Hello again everyone and welcome from the happy north-land on a winning Braves’ Friday night!
On a night where pitching reigned supreme, the Braves offense alternated looking awesome and awful, with the awful part coming out on top most of the time. The net result was a strange box score, with the Phillies racking up 18 strikeouts (16 by Cliff Lee in seven innings, a new career high for him), yet also allowing 12 hits and five runs in a 5-0 loss. I’d love to know how often that has happened in the history of the game; I’m sure their occurrence and those of blue moons would be neck and neck!
The Braves offense came in bunches in the fourth and ninth innings. After two were out in the fourth, the Braves hitters suddenly decided to swing at the first pitch strikes being thrown by Lee. In a span of five pitches the Braves got doubles from Alex Gonzalez, Brian McCann and Dan Uggla, along with a Chipper Jones RBI single for good measure. And the Gonzalez and McCann balls missed being HR’s by only a foot or two. In the ninth the Braves added two insurance runs on singles by Jason Heyward (who then stole second!), Martin Prado, and Alex Gonzalez.
But the real story of the night was a masterful Derek Lowe, who took a no-hitter and near-perfect game into the seventh. His bid for history took a big hit when he apparently hurt his big toe when he singled in the top of the seventh (where’s the DH when you need it? :-)). Lowe apparently talked Fredi into going back out to start the seventh, but he was visibly struggling pushing off the rubber (he was actually struggling to remain upright, if truth be told). When Shane Victorino broke up the no-hit bid with a single, everyone expected Fredi to lift Lowe. Instead, Fredi left him in to allow a rule-book double to Placido Polanco. Fredi then brought in an overpowering Eric O’Flaherty, who struck out the side in order (Ryan Howard, Ben Francisco, and Raul Ibanez) to end the inning.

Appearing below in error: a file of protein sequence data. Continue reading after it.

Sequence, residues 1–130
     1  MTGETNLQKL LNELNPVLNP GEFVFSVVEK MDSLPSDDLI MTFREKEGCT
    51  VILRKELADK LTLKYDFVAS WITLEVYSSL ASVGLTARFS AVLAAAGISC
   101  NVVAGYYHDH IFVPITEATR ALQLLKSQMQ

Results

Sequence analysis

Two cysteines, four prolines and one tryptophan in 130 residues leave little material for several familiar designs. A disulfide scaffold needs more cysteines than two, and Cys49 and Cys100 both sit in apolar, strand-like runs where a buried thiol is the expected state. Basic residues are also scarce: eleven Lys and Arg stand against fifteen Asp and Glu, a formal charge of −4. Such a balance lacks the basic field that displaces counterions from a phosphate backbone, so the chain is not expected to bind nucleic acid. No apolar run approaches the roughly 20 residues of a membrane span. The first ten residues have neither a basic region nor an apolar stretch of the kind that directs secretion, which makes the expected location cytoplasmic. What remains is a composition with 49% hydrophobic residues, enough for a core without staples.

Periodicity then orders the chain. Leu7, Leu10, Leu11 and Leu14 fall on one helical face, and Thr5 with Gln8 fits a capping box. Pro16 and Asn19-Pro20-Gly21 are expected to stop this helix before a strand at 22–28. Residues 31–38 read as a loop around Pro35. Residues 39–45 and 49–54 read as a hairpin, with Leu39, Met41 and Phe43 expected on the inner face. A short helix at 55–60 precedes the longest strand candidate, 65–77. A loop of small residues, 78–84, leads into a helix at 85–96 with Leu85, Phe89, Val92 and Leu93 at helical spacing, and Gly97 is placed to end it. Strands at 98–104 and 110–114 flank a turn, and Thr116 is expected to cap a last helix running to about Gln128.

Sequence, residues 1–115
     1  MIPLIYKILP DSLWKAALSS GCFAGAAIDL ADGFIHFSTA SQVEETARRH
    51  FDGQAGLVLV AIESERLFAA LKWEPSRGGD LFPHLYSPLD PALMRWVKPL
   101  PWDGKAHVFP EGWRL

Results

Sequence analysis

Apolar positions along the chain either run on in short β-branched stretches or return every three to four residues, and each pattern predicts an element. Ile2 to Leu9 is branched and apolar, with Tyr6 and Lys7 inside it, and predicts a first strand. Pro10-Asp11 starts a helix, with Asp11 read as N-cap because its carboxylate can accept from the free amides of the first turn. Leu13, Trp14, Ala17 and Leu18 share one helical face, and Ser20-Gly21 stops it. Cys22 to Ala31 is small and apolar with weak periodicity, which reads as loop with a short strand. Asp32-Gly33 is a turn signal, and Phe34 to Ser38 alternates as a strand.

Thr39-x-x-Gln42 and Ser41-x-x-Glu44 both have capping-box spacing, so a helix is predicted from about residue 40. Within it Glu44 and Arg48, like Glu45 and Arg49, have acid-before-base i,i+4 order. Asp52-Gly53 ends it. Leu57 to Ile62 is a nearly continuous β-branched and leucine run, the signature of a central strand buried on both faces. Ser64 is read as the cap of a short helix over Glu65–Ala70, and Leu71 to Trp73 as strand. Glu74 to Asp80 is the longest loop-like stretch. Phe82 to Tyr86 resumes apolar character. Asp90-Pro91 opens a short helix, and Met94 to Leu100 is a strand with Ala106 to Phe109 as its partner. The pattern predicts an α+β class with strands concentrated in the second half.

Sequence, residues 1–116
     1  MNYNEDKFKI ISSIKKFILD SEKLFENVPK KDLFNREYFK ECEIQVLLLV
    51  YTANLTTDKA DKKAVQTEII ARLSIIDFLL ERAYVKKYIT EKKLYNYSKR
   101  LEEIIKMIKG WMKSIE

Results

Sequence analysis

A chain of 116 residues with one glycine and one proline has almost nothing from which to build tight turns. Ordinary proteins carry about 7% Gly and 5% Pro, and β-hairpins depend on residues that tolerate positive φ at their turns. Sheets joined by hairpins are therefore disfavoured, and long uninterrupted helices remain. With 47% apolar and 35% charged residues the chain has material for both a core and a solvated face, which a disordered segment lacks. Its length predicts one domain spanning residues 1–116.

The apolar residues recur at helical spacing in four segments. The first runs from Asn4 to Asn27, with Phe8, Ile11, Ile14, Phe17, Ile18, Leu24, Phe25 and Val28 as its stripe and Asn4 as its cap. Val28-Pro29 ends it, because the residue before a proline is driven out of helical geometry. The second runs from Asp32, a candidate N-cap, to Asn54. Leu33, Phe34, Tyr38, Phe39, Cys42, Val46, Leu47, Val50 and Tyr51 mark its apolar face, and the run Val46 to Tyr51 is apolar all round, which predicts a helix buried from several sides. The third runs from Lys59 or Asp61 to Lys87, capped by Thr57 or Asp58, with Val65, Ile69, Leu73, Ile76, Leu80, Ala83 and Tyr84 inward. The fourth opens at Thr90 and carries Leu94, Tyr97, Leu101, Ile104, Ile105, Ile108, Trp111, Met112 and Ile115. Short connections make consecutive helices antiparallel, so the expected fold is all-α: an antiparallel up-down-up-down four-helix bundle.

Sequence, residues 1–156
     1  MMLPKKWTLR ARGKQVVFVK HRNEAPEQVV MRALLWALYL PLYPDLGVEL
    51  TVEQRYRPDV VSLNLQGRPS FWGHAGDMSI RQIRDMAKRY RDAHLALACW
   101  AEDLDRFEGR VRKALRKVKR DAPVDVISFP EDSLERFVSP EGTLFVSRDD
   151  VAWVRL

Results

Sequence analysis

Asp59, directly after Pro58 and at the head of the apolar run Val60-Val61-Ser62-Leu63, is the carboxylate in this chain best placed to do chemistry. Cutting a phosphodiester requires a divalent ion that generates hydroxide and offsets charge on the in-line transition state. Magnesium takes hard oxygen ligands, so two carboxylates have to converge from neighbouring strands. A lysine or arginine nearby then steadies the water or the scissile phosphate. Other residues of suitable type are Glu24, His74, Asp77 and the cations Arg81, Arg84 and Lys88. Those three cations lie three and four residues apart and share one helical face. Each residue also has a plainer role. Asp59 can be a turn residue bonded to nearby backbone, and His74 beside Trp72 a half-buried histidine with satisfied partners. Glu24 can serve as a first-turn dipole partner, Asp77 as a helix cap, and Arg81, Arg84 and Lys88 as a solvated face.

Jonny Venters pitched the eighth an then, with a 5-0 lead, Fredi turned to Craig Kimbrel, pitching for the second night in a row, to finish the game. This was obviously a tough call, as Kimbrel was warmed up before the last two Braves’ runs scored. It could be significant, though, as Craig could easily not be available for one of the next two games.
All-in-all, a great game that will be long remembered. The victory, the sixth straight and 11th in the last 14 games, could prove costly if the Lowe injury proves serious (not to be overly dramatic, but a big toe injury effectively ruined the career of Dizzy Dean, one of the all-time greats). I still think the Braves hitting is not yet in sync. If it starts to reach its potential, and Lowe isn’t seriously injured, this team is going to win a lot more games. That’s my take; what’s yours?
Topics: Craig Kimbrel